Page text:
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In Athens, Pope Francis a Europe “torn by nationalist egotism”

Pope Francis pointed out this Saturday, December 4, on the first day of his visit to Athens, the responsibility of Europe in the migration crisis and deplored that it is “Sometimes blocked” and “Torn apart by nationalist egoisms”.

The 84-year-old Argentine pontiff, who arrived shortly after 11 a.m. (9 a.m. GMT) at Athens airport, regretted that “Europe persists in procrastinating” in the face of migrant arrivals “Instead of being a motor of solidarity”.

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He was speaking before the President of the Hellenic Republic Katerina Sakellaropoulou and the Greek Prime Minister Kyriakos Mitsotakis as well as an audience of Catholic figures and civil society who warmly applauded him at the Presidential Palace in Athens.

Pope Francis to welcome 50 migrants from Cyprus

If Pope Francis visited the Greek island of Lesbos in 2016, where he will return on Sunday, it is the first visit of a pope to Athens in twenty years, since the visit of John Paul II in May 2001 He had previously spent two days in Cyprus where he strongly lambasted “The wall of hatred” raised against migrants, fifty of whom will be transferred to Rome, according to Nicosia.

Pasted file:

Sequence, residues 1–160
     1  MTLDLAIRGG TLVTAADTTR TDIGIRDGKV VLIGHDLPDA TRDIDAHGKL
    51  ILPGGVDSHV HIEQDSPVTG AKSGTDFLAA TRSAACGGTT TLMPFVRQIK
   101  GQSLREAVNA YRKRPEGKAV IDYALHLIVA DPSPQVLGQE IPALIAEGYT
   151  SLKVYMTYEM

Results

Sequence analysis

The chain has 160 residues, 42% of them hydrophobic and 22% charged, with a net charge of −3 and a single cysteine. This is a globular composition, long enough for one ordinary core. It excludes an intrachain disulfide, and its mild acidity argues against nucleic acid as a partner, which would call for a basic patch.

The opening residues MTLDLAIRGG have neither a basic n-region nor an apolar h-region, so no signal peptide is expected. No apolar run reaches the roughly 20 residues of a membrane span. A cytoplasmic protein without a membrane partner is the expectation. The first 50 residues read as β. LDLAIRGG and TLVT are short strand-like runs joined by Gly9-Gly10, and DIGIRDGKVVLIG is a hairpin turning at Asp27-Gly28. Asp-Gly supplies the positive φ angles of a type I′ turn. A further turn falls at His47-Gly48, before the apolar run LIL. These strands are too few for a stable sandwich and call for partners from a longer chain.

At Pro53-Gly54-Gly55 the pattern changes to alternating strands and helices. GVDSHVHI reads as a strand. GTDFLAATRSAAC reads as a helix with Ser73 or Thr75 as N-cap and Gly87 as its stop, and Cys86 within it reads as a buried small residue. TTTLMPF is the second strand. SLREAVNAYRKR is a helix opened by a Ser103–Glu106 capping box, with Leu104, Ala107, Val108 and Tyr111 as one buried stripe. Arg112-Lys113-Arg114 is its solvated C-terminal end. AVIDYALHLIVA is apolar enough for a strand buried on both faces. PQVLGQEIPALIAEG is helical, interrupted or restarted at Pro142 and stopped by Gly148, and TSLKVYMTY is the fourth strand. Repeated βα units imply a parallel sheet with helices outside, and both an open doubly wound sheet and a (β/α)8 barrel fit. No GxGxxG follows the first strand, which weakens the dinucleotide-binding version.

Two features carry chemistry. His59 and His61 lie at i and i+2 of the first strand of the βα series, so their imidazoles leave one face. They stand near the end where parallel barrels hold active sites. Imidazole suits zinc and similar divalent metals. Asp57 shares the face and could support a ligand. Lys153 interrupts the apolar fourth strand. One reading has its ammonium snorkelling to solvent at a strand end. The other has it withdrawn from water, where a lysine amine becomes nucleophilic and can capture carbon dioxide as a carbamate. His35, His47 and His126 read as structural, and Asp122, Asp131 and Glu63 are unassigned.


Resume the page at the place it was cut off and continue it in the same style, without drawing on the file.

In Athens, the pope pontiff recalled that Greece had “Received on some of its islands a number of migrant brothers and sisters greater than that of the inhabitants themselves”. Gold “The European community, torn apart by nationalist egoisms, sometimes appears blocked and uncoordinated, instead of being a motor of solidarity”, he said in front of the political authorities.

“Decline of democracy”

Pope Francis further noted “A decline in democracy, and not only on the European continent”, considering that “Democracy requires the participation and involvement of everyone”, when “Authoritarianism is hasty and the easy assurances offered by populisms seem tempting”.

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Their names were Aleksandra, Abdulfatah, Yasser… They died in Calais for lack of asylum.

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A few minutes earlier, President Sakellaropoulou had mentioned the“Humanity of the Greeks and the disproportionate burden they have borne” in the management of this crisis. “Our country tries as much as possible to prevent the illegal trafficking of people”, she stressed. The President also thanked the Pope for his “Warm support” during the conversion of the former Hagia Sophia in Istanbul into a mosque, in order to “Preserve as a universal symbol of religious worship and an emblematic monument of world heritage”.

Pope said to come to Athens “To quench one’s thirst at the sources of fraternity” and strengthen its ties with its “Brothers of faith”, Orthodox Christians, separated from the Catholic Church since the schism of 1054 between Rome and Constantinople. Francis spoke with the Archbishop of the Orthodox Church of Greece Hieronym II and his entourage.

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